Microsoft Dynamics CRM 2011 Reporting

I recently acted as a technical reviewer for a new book; Microsoft Dynamics CRM 2011 Reporting by Damian Sinay. This book is now available from Packt Publishing so I thought I would publish a short review. (Note: I’m not paid by Packt for this role but I do get a free book).

This book is aimed at those new to reporting in CRM and I strongly believe it would be a great resource for those recent to the topic. From a personal view point as a developer who has created reports in the past – but not recently, I also found it useful as a reference guide to brush up on old skills. This book gives a fantastic tour of reporting functionality in CRM 2011, diving into detail on the most commonly used components, presenting relevant background information, it imparts real practical skills onto the reader. My only real gripe with the book is that it doesn’t present too many concrete examples, but that doesn’t detract to greatly from the general high quality of the book. Overall I would strongly recommend this book to others.

Chapter 1 is basic introduction to reporting, covering a range of basic concepts and installation of required components. Its not the most exciting content in the book, but it provides a good context for everything that follows.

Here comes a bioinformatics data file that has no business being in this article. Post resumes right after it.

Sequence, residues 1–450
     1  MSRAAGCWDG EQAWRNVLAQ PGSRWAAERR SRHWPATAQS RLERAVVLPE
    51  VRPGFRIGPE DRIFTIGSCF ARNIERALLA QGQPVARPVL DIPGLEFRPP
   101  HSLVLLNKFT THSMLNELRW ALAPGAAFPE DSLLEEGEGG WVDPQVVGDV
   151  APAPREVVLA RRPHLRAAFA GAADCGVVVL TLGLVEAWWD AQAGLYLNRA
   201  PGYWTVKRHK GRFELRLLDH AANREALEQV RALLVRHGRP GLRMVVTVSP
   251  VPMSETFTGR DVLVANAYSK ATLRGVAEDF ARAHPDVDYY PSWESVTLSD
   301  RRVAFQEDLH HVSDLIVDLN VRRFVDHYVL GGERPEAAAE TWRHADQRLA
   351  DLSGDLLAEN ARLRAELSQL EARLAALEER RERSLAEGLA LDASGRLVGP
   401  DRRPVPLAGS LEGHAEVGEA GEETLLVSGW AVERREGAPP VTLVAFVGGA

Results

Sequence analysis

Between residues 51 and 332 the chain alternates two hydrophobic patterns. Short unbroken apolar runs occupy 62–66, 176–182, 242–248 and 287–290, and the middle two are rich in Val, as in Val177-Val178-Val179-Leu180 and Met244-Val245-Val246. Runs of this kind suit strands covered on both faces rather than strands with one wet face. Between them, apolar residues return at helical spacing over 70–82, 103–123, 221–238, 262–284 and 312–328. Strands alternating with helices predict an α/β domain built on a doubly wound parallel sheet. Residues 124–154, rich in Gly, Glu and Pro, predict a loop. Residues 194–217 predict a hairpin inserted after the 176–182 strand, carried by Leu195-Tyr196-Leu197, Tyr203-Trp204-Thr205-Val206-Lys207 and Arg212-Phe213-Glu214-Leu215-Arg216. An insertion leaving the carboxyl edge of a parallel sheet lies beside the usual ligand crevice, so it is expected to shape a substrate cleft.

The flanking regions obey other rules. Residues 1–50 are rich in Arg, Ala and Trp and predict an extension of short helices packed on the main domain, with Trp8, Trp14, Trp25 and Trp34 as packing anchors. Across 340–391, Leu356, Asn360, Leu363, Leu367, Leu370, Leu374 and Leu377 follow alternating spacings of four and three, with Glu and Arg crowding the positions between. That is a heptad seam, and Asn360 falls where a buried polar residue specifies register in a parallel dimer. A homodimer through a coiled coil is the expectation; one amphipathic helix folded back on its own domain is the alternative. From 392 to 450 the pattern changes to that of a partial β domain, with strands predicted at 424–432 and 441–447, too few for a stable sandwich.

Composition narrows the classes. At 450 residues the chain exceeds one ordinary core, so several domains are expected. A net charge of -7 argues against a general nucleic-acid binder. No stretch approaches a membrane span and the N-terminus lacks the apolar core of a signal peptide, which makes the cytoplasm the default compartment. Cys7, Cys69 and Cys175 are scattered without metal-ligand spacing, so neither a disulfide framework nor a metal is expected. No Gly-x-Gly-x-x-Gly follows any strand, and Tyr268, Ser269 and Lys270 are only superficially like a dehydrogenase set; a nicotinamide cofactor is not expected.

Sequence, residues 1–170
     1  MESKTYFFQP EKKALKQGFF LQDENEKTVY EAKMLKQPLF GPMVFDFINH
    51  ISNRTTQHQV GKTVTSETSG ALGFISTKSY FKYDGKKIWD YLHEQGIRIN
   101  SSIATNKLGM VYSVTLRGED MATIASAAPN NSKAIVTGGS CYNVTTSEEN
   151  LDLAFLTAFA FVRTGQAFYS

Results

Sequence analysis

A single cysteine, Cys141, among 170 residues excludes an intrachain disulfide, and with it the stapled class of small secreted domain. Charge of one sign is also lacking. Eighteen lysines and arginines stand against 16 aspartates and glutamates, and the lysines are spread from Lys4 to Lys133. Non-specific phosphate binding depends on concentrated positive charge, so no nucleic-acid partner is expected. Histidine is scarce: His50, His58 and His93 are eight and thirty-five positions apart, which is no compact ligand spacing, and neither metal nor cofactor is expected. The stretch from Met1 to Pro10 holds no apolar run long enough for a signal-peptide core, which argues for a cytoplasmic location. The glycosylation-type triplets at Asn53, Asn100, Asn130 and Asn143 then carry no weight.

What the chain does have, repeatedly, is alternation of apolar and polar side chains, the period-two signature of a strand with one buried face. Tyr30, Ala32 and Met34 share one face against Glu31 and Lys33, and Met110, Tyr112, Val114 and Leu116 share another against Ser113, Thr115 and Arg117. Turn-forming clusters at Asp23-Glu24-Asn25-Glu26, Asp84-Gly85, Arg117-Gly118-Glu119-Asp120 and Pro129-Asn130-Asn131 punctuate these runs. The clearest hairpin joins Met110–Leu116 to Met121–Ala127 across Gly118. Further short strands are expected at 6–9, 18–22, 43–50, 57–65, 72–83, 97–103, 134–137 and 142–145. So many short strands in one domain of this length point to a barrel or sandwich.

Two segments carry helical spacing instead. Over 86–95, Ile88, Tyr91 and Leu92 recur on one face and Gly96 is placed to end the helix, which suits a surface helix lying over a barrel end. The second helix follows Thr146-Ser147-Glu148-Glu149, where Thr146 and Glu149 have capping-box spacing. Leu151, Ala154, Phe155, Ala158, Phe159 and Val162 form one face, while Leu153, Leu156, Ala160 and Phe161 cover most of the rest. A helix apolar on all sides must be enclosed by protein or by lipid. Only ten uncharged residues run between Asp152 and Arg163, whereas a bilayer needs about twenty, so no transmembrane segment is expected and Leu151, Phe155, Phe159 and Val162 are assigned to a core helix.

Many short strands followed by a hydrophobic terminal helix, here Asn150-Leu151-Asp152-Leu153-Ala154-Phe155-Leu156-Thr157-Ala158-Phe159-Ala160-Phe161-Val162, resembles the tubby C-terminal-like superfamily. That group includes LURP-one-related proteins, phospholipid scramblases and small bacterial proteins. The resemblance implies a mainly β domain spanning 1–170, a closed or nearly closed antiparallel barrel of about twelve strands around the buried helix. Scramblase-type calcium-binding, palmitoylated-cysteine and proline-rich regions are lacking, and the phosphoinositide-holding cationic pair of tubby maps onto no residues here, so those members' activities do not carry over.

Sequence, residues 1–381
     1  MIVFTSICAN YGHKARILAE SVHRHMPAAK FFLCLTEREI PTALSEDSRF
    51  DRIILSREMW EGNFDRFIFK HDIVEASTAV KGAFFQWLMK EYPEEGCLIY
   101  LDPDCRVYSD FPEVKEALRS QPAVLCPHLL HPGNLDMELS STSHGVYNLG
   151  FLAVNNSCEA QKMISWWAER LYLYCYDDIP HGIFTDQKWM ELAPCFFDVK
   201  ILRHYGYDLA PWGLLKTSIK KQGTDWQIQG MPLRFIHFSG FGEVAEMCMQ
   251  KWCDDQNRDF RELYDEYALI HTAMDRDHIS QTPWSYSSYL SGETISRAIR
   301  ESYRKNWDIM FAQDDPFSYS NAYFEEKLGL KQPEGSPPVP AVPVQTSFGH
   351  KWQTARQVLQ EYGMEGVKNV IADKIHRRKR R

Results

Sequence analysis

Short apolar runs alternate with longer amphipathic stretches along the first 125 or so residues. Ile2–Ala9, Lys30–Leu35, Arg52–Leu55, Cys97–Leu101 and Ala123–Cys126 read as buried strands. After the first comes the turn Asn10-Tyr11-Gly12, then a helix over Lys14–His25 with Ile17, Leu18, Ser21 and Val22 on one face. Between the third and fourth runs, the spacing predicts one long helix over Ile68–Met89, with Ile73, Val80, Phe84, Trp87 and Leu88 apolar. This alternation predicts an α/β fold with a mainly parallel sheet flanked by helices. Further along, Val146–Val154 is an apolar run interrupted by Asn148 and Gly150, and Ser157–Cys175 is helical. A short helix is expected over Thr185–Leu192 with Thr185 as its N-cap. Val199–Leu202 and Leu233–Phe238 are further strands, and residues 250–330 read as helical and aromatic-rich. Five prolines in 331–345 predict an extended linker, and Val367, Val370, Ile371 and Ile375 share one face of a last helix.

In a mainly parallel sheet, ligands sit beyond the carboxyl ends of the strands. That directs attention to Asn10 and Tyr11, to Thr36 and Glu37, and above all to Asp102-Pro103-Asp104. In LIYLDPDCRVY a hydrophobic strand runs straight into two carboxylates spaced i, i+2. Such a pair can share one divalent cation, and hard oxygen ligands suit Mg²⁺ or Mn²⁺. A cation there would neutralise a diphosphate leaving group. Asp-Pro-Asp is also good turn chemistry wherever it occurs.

Chapters 2, 3 and 4 are excellent, moving from basic SQL to the CRM Report Wizard to the SQL Server Report Builder. It provides many practical lessons, demonstrating a wide range of functionality, a good set of background information and a sensible level of detail. A particular highlight for me was map visualisation introduced in chapter 4.

Chapter 5 introduces contextual reports which is a chapter dedicated to the advanced features within Visual Studio, an important chapter that introduces the various controls, parameters and data sources that are used to create a report.

Chapter 6 introduces the novel reporting method of using HTML web resources, this approach to reporting opens a wide of features to the developer. The second half of the chapter then dives into the development toolkit which can be used to streamline development. This is a strong chapter with core lessons and related information which teach practical skills.

Chapter 7 is a short chapter dedicated to the reporting features embedded into CRM – charts and dashboards. After explaining the basics it introduces the XML editing to use advanced features.

Chapter 8 returns to advanced customisations topics again, demonstrating how ASP.NET and Silverlight can be used for bespoke and unique reporting requirements. The chapter closes with SSRS report automation.

Chapter 9 is dedicated to best practises and recovering from failure, whilst not the most exciting topic the information is relevant and interesting. Chapter 10 closes with considerations for reporting from a mobile platform.

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